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10 Years of Coding Horror, Troll Research, and Tacos


Jeff Atwood, Coding Horror, 10 Years of Coding Horror, here.

I’m thinking about all this because this month marks the 10 year anniversary of Coding Horror. I am officially old school. I’ve been blogging for a full decade now. Just after the “wardrobe malfunction” Janet Jackson had on stage at Super Bowl XXXVIII in February 2004, I began with a reading list and a new year’s resolution to write one blog entry every weekday. I was even able to keep that pace up for a few years!

Wilson, Fuller, & McCrea, The Fiberculture Journal, Troll Theory? here.

At the same time, to admit that you are trolling shows that you hold a target–a forum, a discussion or a user–in far lower esteem than the target holds itself. This reveals an obvious conflict of values. To own up to trolling is, moreover, a boast. As the troll, you affirm a playful mastery of Internet lore and practice that outstrips that of my target. You assert your distinction in a positional game which mobilises and accumulates technological, cultural and social capital. You aggrandise yourself as a puppeteer, maintaining control over your own passions while asking the other to question the bearings of their affects: ‘u mad?’. You remind them of values that preceded them, which you stand for, and propose to reinforce. The troll is proprietorial of particular forums, or even of the network as a whole. The troll looks to repel incomers, to deter the masses, or at least introduce a tiny break-flow into the circuit of discourse. Occasionally, the troll seeks to disrupt nodes of power from a perspective that looks to maintain the idea of the Internet as a space where manners and norms are suspended. But even in these circumstances, it is necessary to recognise that the exercise of the freedom to disrupt can impede the use of particular spaces for deliberation, support, or mutual aid.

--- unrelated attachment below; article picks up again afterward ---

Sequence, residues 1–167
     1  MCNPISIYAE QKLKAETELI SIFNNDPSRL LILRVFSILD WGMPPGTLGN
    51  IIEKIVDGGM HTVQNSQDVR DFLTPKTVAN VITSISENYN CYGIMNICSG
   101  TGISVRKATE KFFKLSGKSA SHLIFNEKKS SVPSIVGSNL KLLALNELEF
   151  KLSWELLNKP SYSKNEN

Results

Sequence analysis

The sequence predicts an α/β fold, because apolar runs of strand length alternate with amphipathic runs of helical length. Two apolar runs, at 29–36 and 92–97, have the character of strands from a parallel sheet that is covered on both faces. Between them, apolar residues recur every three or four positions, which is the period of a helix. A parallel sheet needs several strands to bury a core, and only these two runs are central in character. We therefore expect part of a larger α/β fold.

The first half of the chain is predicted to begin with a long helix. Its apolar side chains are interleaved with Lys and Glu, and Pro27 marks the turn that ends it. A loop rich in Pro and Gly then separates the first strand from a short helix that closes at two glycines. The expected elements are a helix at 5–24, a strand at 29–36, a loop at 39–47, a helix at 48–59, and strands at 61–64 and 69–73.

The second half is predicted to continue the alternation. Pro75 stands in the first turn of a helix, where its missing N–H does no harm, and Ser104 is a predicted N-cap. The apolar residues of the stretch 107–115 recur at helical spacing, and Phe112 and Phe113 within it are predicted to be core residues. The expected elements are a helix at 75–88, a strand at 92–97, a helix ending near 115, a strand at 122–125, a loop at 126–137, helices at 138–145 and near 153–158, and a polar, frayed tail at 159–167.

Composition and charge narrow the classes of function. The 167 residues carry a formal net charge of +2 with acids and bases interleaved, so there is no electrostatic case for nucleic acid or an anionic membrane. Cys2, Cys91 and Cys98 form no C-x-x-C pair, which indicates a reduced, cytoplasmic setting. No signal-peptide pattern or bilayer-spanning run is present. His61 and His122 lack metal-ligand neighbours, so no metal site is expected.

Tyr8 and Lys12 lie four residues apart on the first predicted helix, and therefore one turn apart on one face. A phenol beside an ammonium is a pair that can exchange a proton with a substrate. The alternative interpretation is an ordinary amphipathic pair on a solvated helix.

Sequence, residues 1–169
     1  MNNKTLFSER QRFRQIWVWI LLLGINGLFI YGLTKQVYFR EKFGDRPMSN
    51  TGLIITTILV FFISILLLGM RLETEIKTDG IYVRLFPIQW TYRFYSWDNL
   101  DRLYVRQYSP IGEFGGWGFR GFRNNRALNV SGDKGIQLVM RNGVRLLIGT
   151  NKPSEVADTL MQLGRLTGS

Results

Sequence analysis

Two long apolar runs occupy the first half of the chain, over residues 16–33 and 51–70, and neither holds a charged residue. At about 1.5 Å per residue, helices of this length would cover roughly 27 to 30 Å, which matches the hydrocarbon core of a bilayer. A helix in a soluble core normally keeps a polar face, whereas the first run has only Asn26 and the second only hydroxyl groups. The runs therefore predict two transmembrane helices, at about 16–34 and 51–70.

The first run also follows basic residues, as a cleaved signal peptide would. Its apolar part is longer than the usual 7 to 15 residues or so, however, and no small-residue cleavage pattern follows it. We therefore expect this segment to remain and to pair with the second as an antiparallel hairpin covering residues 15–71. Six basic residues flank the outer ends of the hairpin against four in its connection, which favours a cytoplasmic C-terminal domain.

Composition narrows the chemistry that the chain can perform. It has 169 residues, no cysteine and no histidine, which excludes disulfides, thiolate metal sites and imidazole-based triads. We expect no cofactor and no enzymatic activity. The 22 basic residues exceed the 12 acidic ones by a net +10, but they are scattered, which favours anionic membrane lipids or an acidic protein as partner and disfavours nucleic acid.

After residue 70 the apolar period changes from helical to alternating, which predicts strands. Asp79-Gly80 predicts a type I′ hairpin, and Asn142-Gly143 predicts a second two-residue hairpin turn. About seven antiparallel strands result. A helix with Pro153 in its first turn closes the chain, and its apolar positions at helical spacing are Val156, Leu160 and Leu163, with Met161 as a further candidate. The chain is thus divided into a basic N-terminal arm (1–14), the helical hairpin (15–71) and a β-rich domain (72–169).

Matthew Yglesias, Slate, Efficient-Markets Hypothesis Says America Is Poised for Better Tacos, here.

Some friends and I were lamenting the sorry state of the D.C. area’s taco offerings, and I observed that if Taco Cabana were to expand to the area, it would crush the competition. Not because Taco Cabana is the single greatest taco in the universe or anything, but it’s a taco chain that’s had to cut its teeth amidst the taco plenty of Texas. It has managed to bring to scale a homogenized chain taco concept that can plausibly go head-to-head with a robust taco culture.

So I’ve often thought that if and when they ever expand to the people-dense, taco-poor Northeast Corridor, they will clean up.


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